• Investigate and prosecute all agencies or individuals falsely using official State symbols to promote their services;
  • Reduce the cost of administrative procedures for migrants in Russia, in particular in relation to medical care and issuance of patents.




This report is published within the framework of FIDH’s project on migration in the post-Soviet region. The project studies human rights violations across migratory routes, from countries of origin to countries of destination. By involving national partners in all stages of investigations, the project seeks to strengthen intra-regional collaboration between organisations working on migrants’ rights.

In Tajikistan, in May 2011, FIDH’s partner organisation, the Tajik Bureau for Human Rights supported the delegation.  Since then, fruitful cooperation has been developed between ADC Memorial, FIDH and the Tajik Human Rights Centre. ADC Memorial is based in St Petersburg, Russia.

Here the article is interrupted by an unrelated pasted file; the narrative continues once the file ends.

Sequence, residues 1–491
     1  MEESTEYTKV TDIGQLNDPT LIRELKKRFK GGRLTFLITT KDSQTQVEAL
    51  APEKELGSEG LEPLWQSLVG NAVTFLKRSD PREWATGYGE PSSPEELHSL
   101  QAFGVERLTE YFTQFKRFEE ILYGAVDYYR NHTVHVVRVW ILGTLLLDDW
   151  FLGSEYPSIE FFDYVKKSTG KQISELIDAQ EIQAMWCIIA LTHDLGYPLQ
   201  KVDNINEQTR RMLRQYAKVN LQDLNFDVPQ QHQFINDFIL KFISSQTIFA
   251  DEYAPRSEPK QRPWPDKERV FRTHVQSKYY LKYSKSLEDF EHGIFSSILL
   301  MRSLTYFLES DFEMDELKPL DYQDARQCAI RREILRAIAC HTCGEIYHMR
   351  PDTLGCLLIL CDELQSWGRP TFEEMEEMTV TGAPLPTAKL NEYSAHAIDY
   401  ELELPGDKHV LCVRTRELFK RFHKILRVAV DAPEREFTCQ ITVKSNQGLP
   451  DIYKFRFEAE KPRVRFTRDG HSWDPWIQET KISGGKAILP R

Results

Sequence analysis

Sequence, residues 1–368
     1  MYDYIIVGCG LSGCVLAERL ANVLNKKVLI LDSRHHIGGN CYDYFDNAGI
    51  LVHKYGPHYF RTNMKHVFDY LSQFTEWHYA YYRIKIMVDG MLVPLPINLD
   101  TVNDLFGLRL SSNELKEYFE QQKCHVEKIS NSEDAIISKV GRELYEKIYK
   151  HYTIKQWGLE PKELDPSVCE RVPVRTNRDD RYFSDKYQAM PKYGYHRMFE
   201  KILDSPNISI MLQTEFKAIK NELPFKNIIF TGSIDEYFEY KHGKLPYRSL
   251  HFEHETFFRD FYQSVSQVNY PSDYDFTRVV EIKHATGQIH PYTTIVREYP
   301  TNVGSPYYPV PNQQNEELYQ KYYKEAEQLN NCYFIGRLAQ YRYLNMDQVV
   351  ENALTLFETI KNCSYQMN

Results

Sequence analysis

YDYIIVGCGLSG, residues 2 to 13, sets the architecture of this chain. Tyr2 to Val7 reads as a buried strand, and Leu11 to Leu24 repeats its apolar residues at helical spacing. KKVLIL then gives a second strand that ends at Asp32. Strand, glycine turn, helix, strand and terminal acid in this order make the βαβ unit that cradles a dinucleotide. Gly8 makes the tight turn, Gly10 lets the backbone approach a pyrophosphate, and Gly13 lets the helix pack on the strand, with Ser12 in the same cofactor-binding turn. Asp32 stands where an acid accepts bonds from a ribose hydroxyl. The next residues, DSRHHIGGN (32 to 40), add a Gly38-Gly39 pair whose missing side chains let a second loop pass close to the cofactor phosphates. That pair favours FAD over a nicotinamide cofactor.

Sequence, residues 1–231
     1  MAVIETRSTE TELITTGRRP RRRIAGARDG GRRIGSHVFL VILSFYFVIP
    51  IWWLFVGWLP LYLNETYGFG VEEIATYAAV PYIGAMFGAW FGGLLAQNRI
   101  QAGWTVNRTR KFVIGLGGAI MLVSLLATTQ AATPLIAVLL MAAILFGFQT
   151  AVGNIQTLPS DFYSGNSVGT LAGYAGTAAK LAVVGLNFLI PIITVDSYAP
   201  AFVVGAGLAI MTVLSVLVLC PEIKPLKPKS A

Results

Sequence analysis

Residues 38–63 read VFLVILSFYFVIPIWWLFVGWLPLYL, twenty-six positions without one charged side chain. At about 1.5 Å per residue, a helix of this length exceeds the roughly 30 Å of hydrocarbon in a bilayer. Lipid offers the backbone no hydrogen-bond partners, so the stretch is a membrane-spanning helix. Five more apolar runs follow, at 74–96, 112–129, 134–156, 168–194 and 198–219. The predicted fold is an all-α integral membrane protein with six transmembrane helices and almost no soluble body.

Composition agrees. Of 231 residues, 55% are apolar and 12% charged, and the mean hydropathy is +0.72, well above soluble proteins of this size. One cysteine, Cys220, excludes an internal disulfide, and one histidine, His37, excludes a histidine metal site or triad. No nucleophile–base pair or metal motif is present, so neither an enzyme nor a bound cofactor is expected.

For more information on this FIDH project, see, for example, the following reports:

FIDH report, Kazakhstan/ Kyrgyzstan: Exploitation of migrant workers, protection denied to asylum seekers and refugees, November 2009, available at http://www.fidh.org/FIDH-and-KIBHR-call-on-Kazakhstan-to-increase

FIDH report, Regional Seminar: International Migration: Migrant workers, asylum seekers and refugees in Eastern Europe, Central Asia and the South Caucasus, Almaty, Kazakhstan, 28-30 November 2009, available at http://www.fidh.org/IMG//pdf/kazakh536RUSversionweb.pdf

FIDH/Civic Assistance Committee, Migration in Russia, Vulnerable populations, the first victims of internal and external political crises, April 2007, available in Russian at http://www.fidh.org/IMG/pdf/Migranrussie472-4russe2007.pdf and in French at http://www.fidh.org/Migrations-en-Russie-Populations-fragilisees

[1]          According to various estimates, the number of workers from Tajikistan working abroad ranges from 520,000 to more than 1 million individuals (out of a population of seven million)

Tajikistan: Exporting the workforce – at what price? FIDH and ADC Memorial call for increased protection of the rights of Tajik migrant workers


Эта запись так же доступна на: Russian